75km northwest of Palmerston North, the district of Wanganui (or 'Whanganui' – either is acceptable) is rich in both Maori history and the conveniences of modern, urban life. The river of the same name (on which the main city stands), is a kayaker's delight, at 260km long, while the area's stunning scenery and ease of access make it a popular destination for holidaymakers.
Historic Adventure on the River Wanganui
Whanganui National Park is an undulating expanse of lowlands, forests and mountains, with the Whanganui River running right through the middle. If you're prepared to get a little wet, the 5-day 'Wanganui Journey' is a popular challenge for kayakers of all levels. The dozens of rapids en route all have their own names and stories attached, whilst accommodation is provided by a combination of campsites and huts along the way. Be sure to pre-purchase a Facilities User Pass (FUP) to gain access to these.
Other ways to explore the river, include:
- Joining a cruise at the Whanganui Riverboat Centre, which also has a museum and heritage trail.
- Jump aboard the 'Waimarie' - New Zealand’s last paddle steamer.
- Drive the Wanganui River Road.
- Let a local Maori family guide you around their riverside village, telling you korero (stories) and showing you taonga (treasures).
- Get the adrenalin pumping on a high-speed jet boat dash to the Bridge To Nowhere.
The River City of Wanganui
Most of the city lies on the northwestern bank of the Wanganui River, and taking one of the riverside walking tours is a great way to get around. There are plenty of trendy boutiques and cafe bars to break up your stroll, or how about jumping aboard a paddle steamer and let the river do the work?
At Cook's Gardens, you can see where distance runner, Peter Snell, famously broke the world mile record in 1962, and it's also here that you can spend a lazy afternoon watching cricket or athletics. The Sarjeant Art Gallery and Royal Wanganui Opera House are added attractions, whilst the McNamara Gallery exhibits Wanganui's proud photographic heritage.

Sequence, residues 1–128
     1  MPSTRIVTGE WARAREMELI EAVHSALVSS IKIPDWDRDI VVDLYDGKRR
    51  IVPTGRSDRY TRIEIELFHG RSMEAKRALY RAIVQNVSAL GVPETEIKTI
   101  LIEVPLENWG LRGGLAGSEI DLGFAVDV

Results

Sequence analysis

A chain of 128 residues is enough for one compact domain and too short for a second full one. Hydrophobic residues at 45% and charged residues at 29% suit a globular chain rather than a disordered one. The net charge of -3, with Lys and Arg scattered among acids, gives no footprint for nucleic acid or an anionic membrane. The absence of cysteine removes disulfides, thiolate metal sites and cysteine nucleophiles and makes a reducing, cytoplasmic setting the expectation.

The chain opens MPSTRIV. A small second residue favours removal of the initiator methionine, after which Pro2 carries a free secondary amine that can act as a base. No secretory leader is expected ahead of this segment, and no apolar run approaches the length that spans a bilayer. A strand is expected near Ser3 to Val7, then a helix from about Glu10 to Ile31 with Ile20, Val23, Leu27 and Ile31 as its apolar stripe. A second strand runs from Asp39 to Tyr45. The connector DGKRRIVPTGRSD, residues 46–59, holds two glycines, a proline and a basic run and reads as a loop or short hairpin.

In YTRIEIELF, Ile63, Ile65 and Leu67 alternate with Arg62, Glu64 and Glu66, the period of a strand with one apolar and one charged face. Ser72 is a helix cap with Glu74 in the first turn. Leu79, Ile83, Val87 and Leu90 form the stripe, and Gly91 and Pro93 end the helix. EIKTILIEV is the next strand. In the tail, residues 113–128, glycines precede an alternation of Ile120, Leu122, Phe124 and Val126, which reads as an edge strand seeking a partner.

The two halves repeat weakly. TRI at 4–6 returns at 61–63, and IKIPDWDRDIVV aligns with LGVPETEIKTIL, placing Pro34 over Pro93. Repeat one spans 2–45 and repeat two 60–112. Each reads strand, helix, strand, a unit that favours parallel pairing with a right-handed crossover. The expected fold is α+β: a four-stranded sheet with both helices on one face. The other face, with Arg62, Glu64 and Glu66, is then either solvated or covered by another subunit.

For a truly unique take on things, visitors can experience the Durie Hill Elevator; the only earthbound lift in New Zealand. Close to the City Bridge, once at the top you'll enjoy spectacular views over Queen's Park and Taupo Quay, and perhaps plan the next stop on your tour of the city.
Bason Botanic Gardens
11km from town, the Bason Botanical Gardens is free to enter, and provides not only stunning flora, bird life and water features, but complimentary barbecuing facilities, so visitors can enjoy an al fresco lunch surrounded by the very best nature has to offer. Other green areas, such as Bushy Park, Matipo Park and Paloma Gardens, are all within easy reach of the city centre, or you could take a day to explore the nearby beaches at Kai Iwi Lakes and Castlecliff.
Wanganui City lies at the intersection of State Highways 3 and 4, so is easily accessible anywhere by road.
Daily flights operate to Wanganui Airport from Wellington
(35 mins) and Auckland
(60 mins). International passengers can fly into Palmerston North; an hour's drive from Wanganui.
Intercity Coachlines has an extensive network of bus services which stop in Wanganui, though rail passengers are somewhat limited – the nearest station on the Auckland-Wellington line, is Marton – 25 minutes from Wanganui City.